New Energy Master Plan Must Aim to Favor Bangladesh Over Japan: IEEFA

New Energy Master Plan Must Aim to Favor Bangladesh Over Japan: IEEFA

JICA must deliver a low or zero emissions plan as promised, not fund Matarbari 2 coal plant

Clear understandings from the Bangladesh government’s recently released 8th Five-Year Plan must be incorporated into the new energy and power master plan currently under development by the Japan International Cooperation Agency (JICA) to drive zero carbon transformation and financial sustainability in the energy system, finds a new report from the Institute for Energy Economics and Financial Analysis (IEEFA).

Author and energy finance analyst Simon Nicholas says the new Integrated Energy and Power Master Plan, if aligned to the government’s five-year plan, will abandon coal and increase LNG commitment in favour of cheaper low emission renewables.

“The 8th Five-Year Plan clearly acknowledges Bangladesh’s power overcapacity problem as well as solutions to address it,” says Nicholas.

“The financial sustainability of the power system is currently seriously jeopardised by heavy subsidization and ballooning capacity payments to fossil dependent power producers, stretching the power system’s already weakened financial position.

“Increased reliance on expensive imported coal and LNG is a burden the government simply can’t afford to wear going forward.

“Any increased reliance on coal and LNG risks seeing electricity costs for energy consumers rise even further at a time when ever-cheaper solar and wind power is available.

“The Japanese developers of Bangladesh’s new Integrated Energy and Power Master Plan have the platinum opportunity to align their thinking with the insightfulness of the government’s 8th Five-Year Plan.”

Nicholas draws from the 8th Five-Year Plan targeting a least-cost power generation system to provide a blueprint for developers of the new plan, suggesting JICA should:

  1. Prioritize grid investments to make better use of existing power capacity
  2. Prevent the continued over-build of new power capacity by relying on more realistic power demand growth forecasts
  3. Significantly scale up of renewable energy ambition to benefit from the rapid decline of lower cost solar and wind tariffs and to meet demand growth and energy efficiency goals
  4. Plan for the roll out of power storage technologies like batteries that can store renewable energy
  5. Abandon the expensive pipeline of coal-fired power plants yet to begin construction and limit further additions of large power plants, meaning JICA should not provide funding for the Matarbari 2 coal power proposal – this project should be amongst those cancelled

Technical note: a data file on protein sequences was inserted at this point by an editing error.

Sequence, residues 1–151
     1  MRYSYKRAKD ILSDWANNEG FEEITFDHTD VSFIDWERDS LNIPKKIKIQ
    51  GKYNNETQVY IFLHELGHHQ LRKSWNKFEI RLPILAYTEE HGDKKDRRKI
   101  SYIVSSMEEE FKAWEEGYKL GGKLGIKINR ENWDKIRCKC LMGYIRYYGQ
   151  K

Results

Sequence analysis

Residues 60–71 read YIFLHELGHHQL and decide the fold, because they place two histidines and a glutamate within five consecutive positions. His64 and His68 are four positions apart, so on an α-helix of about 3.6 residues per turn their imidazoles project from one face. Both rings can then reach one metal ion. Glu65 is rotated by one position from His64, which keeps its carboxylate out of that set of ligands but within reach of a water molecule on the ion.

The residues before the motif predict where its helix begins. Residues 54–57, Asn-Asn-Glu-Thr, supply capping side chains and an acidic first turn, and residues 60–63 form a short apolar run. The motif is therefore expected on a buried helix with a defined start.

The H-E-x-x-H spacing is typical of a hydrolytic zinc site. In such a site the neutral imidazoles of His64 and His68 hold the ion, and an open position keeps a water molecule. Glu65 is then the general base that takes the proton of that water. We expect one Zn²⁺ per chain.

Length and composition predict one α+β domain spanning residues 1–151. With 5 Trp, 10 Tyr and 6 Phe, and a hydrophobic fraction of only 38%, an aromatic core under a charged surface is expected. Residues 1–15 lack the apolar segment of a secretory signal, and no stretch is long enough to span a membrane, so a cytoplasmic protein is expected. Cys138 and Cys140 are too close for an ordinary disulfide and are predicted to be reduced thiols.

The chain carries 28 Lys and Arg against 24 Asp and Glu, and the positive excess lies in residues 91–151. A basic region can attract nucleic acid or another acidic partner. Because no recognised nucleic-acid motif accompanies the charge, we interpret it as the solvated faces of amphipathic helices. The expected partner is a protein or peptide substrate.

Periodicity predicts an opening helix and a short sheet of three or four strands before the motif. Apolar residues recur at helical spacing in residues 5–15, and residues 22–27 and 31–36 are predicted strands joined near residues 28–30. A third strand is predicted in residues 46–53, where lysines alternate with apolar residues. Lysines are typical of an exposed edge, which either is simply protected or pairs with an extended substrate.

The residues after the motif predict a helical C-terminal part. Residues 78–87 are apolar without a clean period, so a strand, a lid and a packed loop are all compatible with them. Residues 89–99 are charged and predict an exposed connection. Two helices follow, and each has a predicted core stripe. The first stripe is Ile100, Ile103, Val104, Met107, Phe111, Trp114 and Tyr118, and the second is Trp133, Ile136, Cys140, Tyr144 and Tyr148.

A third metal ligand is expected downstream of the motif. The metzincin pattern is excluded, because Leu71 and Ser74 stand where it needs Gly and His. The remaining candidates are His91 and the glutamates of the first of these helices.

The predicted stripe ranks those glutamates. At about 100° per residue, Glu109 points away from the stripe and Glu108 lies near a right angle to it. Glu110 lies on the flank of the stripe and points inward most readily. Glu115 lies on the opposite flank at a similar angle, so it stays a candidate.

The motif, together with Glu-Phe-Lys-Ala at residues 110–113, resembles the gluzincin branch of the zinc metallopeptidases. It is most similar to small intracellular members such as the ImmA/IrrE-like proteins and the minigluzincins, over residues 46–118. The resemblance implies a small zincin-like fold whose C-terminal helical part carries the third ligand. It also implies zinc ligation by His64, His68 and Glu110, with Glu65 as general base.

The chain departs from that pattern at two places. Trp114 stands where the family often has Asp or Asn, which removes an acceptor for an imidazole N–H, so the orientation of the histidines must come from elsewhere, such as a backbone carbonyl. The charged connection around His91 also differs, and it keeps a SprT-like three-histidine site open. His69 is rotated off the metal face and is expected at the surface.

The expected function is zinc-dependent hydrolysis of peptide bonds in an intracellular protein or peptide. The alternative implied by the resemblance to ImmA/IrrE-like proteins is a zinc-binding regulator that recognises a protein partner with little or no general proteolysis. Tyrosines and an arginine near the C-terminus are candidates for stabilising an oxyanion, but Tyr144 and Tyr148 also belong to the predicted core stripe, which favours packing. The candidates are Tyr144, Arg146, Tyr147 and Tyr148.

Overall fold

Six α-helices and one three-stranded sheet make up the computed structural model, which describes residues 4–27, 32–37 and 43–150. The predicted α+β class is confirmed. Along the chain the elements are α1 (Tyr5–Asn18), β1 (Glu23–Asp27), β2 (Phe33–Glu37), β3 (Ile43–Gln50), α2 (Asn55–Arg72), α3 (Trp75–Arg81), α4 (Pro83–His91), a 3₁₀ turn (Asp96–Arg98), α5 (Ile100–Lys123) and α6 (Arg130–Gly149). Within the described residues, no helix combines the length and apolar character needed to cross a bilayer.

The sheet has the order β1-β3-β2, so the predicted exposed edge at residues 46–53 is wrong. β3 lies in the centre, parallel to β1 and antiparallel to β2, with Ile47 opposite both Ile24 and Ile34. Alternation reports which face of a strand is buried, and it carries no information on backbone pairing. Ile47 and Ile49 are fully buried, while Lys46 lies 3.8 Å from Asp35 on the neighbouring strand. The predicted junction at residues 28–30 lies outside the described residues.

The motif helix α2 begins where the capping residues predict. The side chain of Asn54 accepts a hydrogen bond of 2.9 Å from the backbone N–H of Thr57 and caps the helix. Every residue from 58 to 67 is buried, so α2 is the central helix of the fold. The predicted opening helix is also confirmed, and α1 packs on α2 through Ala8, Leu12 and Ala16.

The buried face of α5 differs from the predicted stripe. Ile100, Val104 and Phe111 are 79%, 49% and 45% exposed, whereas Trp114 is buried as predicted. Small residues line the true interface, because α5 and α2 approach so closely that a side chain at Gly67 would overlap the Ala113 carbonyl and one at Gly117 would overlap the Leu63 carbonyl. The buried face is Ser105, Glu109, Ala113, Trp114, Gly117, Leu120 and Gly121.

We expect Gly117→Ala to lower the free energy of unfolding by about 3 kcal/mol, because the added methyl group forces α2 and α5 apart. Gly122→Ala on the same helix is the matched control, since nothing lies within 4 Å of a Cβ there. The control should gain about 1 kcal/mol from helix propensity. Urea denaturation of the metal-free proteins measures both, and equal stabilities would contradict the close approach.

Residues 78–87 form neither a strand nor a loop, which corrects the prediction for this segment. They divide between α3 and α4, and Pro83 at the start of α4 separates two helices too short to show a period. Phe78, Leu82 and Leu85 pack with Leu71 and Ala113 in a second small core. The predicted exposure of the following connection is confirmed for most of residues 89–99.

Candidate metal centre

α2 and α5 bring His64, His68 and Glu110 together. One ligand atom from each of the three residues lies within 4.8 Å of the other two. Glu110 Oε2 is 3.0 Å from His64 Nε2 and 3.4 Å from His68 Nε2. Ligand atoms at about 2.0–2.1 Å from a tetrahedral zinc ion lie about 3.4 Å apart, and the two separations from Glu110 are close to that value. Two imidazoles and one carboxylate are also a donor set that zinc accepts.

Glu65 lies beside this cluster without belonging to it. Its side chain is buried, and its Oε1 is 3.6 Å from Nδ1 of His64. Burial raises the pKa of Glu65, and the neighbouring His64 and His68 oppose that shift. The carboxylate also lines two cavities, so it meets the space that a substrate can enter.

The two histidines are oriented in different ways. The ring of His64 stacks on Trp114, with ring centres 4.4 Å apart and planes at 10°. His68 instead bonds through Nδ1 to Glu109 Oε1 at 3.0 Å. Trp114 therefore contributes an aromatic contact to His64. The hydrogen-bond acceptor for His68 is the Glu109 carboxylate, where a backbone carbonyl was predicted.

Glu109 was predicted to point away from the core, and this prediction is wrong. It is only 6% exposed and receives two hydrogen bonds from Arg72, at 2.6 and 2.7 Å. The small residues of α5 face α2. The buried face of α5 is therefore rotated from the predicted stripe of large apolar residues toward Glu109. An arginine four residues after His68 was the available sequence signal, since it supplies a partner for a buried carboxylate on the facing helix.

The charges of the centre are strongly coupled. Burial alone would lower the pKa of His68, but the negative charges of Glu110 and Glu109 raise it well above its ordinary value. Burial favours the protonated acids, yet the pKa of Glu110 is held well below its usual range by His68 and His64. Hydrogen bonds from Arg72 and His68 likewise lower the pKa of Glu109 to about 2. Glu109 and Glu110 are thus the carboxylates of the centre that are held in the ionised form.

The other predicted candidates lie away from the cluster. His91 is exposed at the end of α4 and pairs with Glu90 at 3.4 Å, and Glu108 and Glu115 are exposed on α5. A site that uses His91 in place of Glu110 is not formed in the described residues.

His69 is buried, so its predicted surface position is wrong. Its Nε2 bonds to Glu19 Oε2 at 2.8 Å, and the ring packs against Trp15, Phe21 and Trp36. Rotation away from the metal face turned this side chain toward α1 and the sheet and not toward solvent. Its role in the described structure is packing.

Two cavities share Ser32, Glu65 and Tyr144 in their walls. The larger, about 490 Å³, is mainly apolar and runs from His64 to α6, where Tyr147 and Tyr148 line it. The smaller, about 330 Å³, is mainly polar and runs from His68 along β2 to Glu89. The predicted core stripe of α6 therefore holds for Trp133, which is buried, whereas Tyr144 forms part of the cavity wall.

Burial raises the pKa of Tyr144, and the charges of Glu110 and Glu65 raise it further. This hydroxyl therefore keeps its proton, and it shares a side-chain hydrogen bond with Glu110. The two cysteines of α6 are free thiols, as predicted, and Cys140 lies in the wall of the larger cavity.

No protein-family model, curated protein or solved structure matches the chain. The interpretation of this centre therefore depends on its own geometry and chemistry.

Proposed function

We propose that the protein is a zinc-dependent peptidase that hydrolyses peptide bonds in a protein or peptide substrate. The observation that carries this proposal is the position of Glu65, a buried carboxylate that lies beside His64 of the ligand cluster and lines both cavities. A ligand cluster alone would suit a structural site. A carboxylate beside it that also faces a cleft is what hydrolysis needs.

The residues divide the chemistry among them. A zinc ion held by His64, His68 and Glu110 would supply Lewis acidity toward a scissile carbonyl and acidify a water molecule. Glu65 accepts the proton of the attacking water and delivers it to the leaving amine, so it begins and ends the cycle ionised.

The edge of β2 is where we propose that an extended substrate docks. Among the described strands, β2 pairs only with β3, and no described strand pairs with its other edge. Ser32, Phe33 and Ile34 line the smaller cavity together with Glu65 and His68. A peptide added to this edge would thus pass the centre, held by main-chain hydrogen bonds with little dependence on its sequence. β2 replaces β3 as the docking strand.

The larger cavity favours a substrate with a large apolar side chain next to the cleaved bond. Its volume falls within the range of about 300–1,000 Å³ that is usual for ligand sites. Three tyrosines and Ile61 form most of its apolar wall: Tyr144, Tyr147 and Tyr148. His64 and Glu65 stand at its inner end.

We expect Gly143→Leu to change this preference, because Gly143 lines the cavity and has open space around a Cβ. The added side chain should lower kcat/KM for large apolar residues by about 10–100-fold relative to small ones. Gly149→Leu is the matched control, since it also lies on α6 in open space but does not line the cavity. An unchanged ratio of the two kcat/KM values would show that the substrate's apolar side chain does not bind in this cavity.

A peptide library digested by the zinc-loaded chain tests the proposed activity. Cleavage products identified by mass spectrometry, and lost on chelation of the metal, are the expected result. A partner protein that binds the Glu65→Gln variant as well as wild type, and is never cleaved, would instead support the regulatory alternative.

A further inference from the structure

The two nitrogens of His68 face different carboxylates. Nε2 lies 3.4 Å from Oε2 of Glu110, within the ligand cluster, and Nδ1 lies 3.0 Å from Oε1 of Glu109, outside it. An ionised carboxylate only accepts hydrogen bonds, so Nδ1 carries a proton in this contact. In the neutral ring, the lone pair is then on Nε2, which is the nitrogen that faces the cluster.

6. Not replace coal power proposals with price-volatile LNG-fired power given LNG’s expense and that its full life cycle emissions are comparable to that of coal.

“Bangladesh’s five-year economic plan correctly identifies the various issues and opportunities faced by the power system. The new energy and power master plan being developed by Japan must now reflect this new energy reality,” says Nicholas.

“The previous power master plan also prepared by Japan is not fit for purpose and risks the financial sustainability of the power system. The new 8th Five-Year Plan recognises this.

“Japan must not prepare another power plan in its own interests rather than in the best interests of Bangladesh.”

Nicholas says JICA would be aware that Japanese trading houses and financial institutions have been accelerating their exit from fossil fuel financing.

Mitsubishi UFJ Financial Group, Sumitomo Mitsui Financial Group and Mizuho Financial Group announced coal exits during April and May 2021, as did the Asian Development Bank.

The Japan Bank for International Cooperation (JBIC) has also announced a coal power exclusion policy.

“We are regularly seeing new energy policies from Japanese corporates and financial institutions following Japan’s Prime Minister Yoshihide Suga’s pledge in 2020 to reach net zero emissions by 2050,” says Nicholas.

“Coal and LNG are carbon-intensive fuel sources, and the most technologically and economically challenged by the current global energy transition to renewable clean energy.

“If JICA funds coal power and creates a plan for more high-cost LNG-fired capacity in Bangladesh it will be worsening overcapacity and increasing the likelihood of power tariff increases for consumers.”

This issue of distribution firms being ‘wedded’ to fossil fuel power producers in the form of high fixed charges is not new to Bangladesh, afflicting most of South Asia in fact, especially Pakistan and India. Its a legacy of a system that had high dependence on thermal power, and an outdated PPA system that locks in for 25 years. While fresh PPA’s with such thermal producers have become increasingly rare in India, with less than three signed since 2015, the issue remains a major problem in Pakistan, where circular debt in the power sector has assumed unmanageable proportions. Even out of the box options like doing bitcoin mining with the excess power have been floated to get around the capacity issue, but to no avail so far.

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